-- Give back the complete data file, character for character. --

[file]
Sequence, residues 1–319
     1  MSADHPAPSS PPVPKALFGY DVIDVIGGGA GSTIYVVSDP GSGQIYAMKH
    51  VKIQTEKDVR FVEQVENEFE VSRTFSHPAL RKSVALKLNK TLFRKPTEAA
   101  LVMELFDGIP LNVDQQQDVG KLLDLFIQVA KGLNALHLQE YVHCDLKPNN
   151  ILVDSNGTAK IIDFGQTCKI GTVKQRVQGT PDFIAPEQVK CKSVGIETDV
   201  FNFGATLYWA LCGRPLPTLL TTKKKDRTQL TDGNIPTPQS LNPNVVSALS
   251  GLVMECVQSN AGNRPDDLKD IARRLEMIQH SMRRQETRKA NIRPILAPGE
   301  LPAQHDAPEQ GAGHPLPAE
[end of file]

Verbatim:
Sequence, residues 1–319
     1  MSADHPAPSS PPVPKALFGY DVIDVIGGGA GSTIYVVSDP GSGQIYAMKH
    51  VKIQTEKDVR FVEQVENEFE VSRTFSHPAL RKSVALKLNK TLFRKPTEAA
   101  LVMELFDGIP LNVDQQQDVG KLLDLFIQVA KGLNALHLQE YVHCDLKPNN
   151  ILVDSNGTAK IIDFGQTCKI GTVKQRVQGT PDFIAPEQVK CKSVGIETDV
   201  FNFGATLYWA LCGRPLPTLL TTKKKDRTQL TDGNIPTPQS LNPNVVSALS
   251  GLVMECVQSN AGNRPDDLKD IARRLEMIQH SMRRQETRKA NIRPILAPGE
   301  LPAQHDAPEQ GAGHPLPAE